Flash Frontier

Celebrating Mansfield 2023: Redmer Yska, on getting to know KM

Interviews and Features

We are delighted to welcome Redmer Yska, who shares his adventure Katherine Mansfield and his new book Katherine Mansfield’s Europe: Station to Station (2023). And we are delighted he begins this reflection with birds – a special contribution to this edition of Flash Frontier!


Connections: Place and people


Katherine Mansfield (KM) grew up beneath the hanging cages of songbirds, and always loved their sweet sweet’ chirruping. Writings about her childhood in the remote rural Karori valley on the outskirts of Whanganui-a-Tara/Wellington often mention birds and birdsong. The 1903 story ‘About Pat’ fictionalises their Irish gardener based on real-life handyman Pat Sheehan. The story concludes with the nuggety Sheehan’s departure, the children in tears. He hands each one a goldfinch as a pet.

Katherine Mansfield’s Europe: Station to Station (2023) locates the setting and background for ‘The Canary’, her most famous bird story. During 1922, KM stayed at Victoria Palace Hotel in Paris while being treated for tuberculosis. Here she spent days sprawled on the couch after X-ray therapy. From the window she watched the woman in a nearby apartment putting out her canaries in wicker cages. KM’s joy at the sight – and the sound – inspired the story. “How can one possibly express in words the beauty of their quick little song rising, as it were, out of the very stones … I wonder what they dream about when she covers them at night, and what does that rapid flutter really mean?” (Collected Letters, vol 5, 21 February 1922)


My initial interest in KM came from the most unlikely source – municipal drains.  In 2012 I was invited to speak on the social and historical background of 1890s Wellington at the time KM was growing up (she was born in 1888). My 2006 civic history Wellington: Biography of a City had explored public health themes: water, sanitation and infectious disease epidemics.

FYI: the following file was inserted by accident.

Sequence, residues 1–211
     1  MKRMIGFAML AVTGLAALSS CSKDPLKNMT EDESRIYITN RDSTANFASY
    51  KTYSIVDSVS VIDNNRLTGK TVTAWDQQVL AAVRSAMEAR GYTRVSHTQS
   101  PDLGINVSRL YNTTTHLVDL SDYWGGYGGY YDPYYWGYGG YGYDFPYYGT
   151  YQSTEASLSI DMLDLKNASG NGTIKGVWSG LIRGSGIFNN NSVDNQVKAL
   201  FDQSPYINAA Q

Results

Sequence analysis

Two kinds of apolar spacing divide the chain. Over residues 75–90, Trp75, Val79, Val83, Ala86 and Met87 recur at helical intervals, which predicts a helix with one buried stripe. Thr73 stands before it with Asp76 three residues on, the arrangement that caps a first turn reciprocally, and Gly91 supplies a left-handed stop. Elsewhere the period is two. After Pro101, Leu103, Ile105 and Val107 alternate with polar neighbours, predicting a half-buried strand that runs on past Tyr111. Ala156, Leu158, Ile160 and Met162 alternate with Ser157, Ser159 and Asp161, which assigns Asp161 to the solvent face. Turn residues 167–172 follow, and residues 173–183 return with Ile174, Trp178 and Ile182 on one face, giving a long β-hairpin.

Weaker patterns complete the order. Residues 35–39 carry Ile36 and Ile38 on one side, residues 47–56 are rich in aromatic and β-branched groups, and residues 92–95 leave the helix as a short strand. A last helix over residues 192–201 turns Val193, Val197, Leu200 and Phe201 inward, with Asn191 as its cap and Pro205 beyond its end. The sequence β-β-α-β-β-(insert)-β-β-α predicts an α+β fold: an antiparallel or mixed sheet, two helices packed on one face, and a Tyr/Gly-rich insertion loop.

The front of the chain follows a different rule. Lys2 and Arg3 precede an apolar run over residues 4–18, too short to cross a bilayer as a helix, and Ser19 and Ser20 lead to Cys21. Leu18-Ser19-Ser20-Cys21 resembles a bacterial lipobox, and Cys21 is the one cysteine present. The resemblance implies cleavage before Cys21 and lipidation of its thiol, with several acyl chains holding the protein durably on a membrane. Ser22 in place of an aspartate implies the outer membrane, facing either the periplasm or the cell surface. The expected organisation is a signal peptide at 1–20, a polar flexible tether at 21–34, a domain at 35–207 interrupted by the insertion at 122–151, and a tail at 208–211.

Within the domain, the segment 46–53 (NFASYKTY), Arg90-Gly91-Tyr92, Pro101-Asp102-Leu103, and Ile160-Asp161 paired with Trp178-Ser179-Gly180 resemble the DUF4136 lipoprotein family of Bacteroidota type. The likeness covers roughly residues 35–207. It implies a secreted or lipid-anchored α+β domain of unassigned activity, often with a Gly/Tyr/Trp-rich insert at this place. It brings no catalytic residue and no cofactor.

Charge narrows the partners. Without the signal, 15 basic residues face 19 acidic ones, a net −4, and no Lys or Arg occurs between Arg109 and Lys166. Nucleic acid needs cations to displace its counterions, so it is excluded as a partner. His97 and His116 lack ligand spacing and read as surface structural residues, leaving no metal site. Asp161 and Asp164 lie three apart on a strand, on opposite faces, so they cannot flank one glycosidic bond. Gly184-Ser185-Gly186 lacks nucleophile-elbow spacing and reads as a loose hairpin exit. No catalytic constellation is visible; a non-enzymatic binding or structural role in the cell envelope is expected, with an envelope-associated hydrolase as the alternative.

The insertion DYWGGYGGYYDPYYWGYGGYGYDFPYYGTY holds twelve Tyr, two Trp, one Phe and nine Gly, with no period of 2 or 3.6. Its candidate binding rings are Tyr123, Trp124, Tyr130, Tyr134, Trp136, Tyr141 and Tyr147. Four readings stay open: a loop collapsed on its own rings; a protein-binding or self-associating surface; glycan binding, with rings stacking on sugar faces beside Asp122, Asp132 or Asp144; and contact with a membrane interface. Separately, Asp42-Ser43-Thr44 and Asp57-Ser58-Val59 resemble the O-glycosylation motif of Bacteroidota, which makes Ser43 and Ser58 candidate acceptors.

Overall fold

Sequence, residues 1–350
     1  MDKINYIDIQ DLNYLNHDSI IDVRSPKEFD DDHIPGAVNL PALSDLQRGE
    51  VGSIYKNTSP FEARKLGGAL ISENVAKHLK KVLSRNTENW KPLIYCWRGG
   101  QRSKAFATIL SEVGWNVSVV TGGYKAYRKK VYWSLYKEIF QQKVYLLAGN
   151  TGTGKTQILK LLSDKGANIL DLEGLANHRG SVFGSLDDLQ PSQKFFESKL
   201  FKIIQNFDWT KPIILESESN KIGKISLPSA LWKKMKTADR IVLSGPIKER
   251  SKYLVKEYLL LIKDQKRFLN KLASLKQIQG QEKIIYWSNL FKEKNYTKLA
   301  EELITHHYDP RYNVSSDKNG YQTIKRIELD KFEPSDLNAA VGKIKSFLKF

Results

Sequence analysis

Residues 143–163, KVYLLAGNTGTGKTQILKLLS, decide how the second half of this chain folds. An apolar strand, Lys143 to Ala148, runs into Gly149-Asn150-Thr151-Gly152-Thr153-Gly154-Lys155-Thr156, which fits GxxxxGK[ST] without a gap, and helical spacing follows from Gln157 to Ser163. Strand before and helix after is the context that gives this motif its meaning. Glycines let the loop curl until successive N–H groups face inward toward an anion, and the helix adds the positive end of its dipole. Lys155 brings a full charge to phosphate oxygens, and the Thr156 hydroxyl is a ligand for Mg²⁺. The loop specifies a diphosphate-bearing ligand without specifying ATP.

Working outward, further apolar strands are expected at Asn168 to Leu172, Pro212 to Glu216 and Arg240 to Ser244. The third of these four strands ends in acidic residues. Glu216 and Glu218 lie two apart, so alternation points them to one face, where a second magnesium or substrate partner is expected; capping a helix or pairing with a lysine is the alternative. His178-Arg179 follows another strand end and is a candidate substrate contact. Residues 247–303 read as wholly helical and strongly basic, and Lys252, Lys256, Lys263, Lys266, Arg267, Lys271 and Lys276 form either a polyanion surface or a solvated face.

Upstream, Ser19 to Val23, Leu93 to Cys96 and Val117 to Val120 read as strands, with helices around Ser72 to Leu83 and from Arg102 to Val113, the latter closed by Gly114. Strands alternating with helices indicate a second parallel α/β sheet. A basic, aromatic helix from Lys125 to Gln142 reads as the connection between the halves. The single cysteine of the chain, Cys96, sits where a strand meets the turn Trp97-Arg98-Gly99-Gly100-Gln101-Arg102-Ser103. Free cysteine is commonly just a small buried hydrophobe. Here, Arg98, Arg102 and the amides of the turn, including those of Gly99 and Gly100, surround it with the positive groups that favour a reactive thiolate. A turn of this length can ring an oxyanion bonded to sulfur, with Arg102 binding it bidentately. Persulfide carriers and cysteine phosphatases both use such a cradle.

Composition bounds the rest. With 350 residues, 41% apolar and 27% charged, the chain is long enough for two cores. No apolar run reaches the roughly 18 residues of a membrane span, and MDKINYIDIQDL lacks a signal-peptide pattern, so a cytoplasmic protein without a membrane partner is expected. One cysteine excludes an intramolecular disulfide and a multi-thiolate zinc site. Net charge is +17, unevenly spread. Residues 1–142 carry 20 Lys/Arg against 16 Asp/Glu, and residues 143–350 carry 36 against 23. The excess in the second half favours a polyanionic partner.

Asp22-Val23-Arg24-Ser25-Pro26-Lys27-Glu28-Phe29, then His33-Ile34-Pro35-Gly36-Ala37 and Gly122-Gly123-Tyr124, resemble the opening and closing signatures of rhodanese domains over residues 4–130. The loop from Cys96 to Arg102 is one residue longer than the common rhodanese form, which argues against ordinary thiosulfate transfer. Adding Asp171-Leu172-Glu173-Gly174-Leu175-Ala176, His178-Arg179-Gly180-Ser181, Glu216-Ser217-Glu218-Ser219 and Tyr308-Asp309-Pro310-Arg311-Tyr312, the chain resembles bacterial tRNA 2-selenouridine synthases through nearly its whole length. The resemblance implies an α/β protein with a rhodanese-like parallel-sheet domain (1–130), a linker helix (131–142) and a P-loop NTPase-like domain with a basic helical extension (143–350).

I was surprised by what I found. The accepted wisdom was that her family, the Beauchamps, quit inner city harbourside Thorndon in 1893 for lifestyle reasons. They headed out to green Karori, a wide valley in the country. KM’s masterpiece ‘Prelude’ tells the story of the move.

But when I read about the death in 1891 of Gwen, KM’s baby sister, from lethal typhoid disease, I began to see another explanation. It appeared the family joined a terrified exodus from the city, as hundreds of locals, especially children, died from a lethal epidemic caused by contaminated water. KM, who’d never much interested me, suddenly had my attention.

How does a city make a writer?

I began a three-year quest to reimagine KM’s childhood, a historical and literary study of the putrid bacterial city that hovers over her writing. ‘The Garden Party’, for example, addresses the risk of catching disease from ‘poverty-stricken’ people ‘in little mean dwellings’ on Saunders Lane. KM’s story used the name of a real-life slum across the road from the actual family home in inner city Thorndon: “When the Sheridans were little they were forbidden to set foot there because of the revolting language and of what they might catch.’ (Short Stories, Vintage, 2008)

In 2017, Otago University Press published the result: A Strange Beautiful Excitement: Katherine Mansfield’s Wellington, 1888-1903. I realised I had other perspectives to bring. How many biographers have gone to the same primary school as their subject (Karori Normal), or have eaten lunch daily on the clay bank beside the subject’s memorial birdbath? How many biographers spent their childhood playing in the park by their subject’s home, and walked daily to school the same way?